Crude Attack

Crude Attack

Crude Attack

A summary of what's in the major U.S. newspapers.
May 30 2004 7:33 AM

Crude Attack

Everyone leads that terrorists attacked compounds in Eastern Saudi Arabia yesterday, killing at least 10 people and seizing about 50 hostages, many of them Western oil workers. By early this morning, Saudi commandos had freed the captives and were taking gunmen into custody. The U.S. State Department confirmed that one American was killed and two others wounded. It was the second assault against out-of-towners in the Kingdom this month, and the New YorkTimes' initial online story noted that more than 90 people have been killed there in the past year in militant attacks and shootouts. In statements posted on the Internet, a radical Islamic group connected to al-Qaida claimed responsibility.

The NYT initially reported that the assailants, wearing military-style uniforms to escape detection, scaled an unguarded wall of Khobar's Oasis Residential Resorts compound shortly after dawn and then went door to door, pulling residents from their homes. According to the AP, the gunmen separated Muslims from non-Muslims and released a Lebanese woman after telling her they were in search of "infidels" and Westerners. Some of the more grisly details already taking shape at press time: The attackers opened fire on a school bus and killed a 10-year-old Egyptian boy; they tied a rope to one of the slain bodies and dragged it behind their car through the streets; they threw a body out of the six-story building in which they were holed up; and one American executive watched as his wife was shot in the legs as she ran from her garden to a nearby guard house.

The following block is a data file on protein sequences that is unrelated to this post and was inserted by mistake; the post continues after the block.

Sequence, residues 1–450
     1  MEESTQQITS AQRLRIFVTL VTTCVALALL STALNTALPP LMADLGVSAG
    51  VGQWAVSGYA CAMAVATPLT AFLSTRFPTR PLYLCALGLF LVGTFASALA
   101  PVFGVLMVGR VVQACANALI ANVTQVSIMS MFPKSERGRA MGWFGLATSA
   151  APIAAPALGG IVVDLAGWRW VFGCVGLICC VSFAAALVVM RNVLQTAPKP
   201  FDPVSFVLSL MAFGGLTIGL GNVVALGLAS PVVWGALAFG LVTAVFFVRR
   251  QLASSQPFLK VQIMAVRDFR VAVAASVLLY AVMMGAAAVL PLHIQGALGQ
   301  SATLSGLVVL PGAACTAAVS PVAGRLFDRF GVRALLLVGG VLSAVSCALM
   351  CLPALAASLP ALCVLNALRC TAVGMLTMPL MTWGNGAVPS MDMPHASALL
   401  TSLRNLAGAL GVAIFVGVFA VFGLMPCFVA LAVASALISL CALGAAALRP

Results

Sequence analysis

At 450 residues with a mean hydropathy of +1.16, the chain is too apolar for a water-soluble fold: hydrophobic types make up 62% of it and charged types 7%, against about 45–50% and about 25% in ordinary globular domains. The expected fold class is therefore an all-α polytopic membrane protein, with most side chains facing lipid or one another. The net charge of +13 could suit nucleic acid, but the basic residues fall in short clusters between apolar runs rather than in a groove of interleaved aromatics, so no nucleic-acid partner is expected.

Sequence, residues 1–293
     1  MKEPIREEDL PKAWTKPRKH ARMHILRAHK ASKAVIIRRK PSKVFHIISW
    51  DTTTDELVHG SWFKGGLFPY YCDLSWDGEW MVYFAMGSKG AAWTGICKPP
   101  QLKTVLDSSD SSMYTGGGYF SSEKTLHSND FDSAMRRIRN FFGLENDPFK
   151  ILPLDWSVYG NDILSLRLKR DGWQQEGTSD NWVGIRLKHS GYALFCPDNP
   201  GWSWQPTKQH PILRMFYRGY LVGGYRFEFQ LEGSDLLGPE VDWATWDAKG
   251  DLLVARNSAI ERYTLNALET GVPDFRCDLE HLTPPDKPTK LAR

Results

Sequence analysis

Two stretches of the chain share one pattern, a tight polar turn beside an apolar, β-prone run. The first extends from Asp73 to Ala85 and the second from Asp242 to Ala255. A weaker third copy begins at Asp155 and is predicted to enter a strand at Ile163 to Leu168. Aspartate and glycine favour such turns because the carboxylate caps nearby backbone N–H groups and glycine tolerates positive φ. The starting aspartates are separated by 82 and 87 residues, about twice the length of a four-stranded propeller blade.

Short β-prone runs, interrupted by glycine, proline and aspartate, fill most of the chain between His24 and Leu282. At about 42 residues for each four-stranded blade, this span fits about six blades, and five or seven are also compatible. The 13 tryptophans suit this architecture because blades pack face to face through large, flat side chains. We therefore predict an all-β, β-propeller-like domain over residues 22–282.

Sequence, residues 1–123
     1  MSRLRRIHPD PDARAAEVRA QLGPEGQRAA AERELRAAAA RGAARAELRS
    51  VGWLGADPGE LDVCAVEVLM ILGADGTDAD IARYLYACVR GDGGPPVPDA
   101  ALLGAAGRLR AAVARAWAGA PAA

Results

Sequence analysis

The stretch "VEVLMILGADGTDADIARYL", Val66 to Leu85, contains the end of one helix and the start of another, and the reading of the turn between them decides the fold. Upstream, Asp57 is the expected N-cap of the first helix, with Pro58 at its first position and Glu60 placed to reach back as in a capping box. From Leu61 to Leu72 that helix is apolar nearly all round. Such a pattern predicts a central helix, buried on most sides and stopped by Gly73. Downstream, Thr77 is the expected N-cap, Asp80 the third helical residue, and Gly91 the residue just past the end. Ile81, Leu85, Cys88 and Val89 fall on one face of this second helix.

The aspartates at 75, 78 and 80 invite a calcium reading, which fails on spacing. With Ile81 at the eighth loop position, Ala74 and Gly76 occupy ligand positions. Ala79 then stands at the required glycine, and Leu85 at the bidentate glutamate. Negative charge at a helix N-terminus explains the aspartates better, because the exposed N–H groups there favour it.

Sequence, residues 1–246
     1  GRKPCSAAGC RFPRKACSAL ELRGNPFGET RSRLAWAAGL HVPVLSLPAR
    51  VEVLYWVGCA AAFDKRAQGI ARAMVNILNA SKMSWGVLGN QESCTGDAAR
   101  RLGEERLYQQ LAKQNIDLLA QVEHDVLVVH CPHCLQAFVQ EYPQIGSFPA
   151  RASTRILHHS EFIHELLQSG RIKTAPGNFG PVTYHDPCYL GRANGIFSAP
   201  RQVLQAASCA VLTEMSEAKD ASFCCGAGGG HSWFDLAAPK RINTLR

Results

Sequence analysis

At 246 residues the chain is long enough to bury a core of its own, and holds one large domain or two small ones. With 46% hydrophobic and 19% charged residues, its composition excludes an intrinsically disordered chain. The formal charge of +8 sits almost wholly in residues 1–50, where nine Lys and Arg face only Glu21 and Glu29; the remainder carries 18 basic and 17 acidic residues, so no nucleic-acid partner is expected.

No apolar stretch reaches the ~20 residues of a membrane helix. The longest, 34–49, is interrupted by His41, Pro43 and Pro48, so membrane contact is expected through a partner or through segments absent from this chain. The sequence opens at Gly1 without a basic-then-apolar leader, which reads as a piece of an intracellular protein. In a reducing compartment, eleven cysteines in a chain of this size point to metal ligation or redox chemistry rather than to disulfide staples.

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Of the three papers, the NYT riffs loudest on the unfortunate timing and location of the attack vis-à-vis oil prices but tempers its alarm with a reminder that "it would take an assault on a production facility itself to send real tremors through the market." Saudi Arabia had been lobbying OPEC to reduce the rate of crude by upping production, but one longtime resident who works for the national oil company tells the paper, "Forty families had already decided to go next month before this happened. That is a lot." Even before the shooting had stopped, some residents were already spotted packing up and driving away. Both the NYT and LAT note that the Saudi Kingdom's oil industry, which is the largest in the world, is dependent on roughly 6 million foreign workers.

With the June 30 transfer of power deadline looming, the NYT off-leads, and the WP and LAT reefer, the internal wrangling over the selection of the Iraqi president. In one corner sit U.N. envoy Lakhdar Brahimi and L. Paul Bremer, supporting the moderate, ra-ra-West Adnan Pachachi. In the other corner are the leaders of the Governing Council, who, evidently emboldened by their trumping of Brahimi on the selection of Iyad Allawi as prime minister, support council president Ghazi Yawar. Says the NYT, "The dispute reflects the surprisingly strong role being played by the Iraqi Governing Council, an American-appointed collection of political leaders that is collectively derided by many Iraqis." The Post chimes in, "Although Brahimi and Bremer wanted the council's role to be limited … members have maneuvered over the past week to give themselves a decisive role."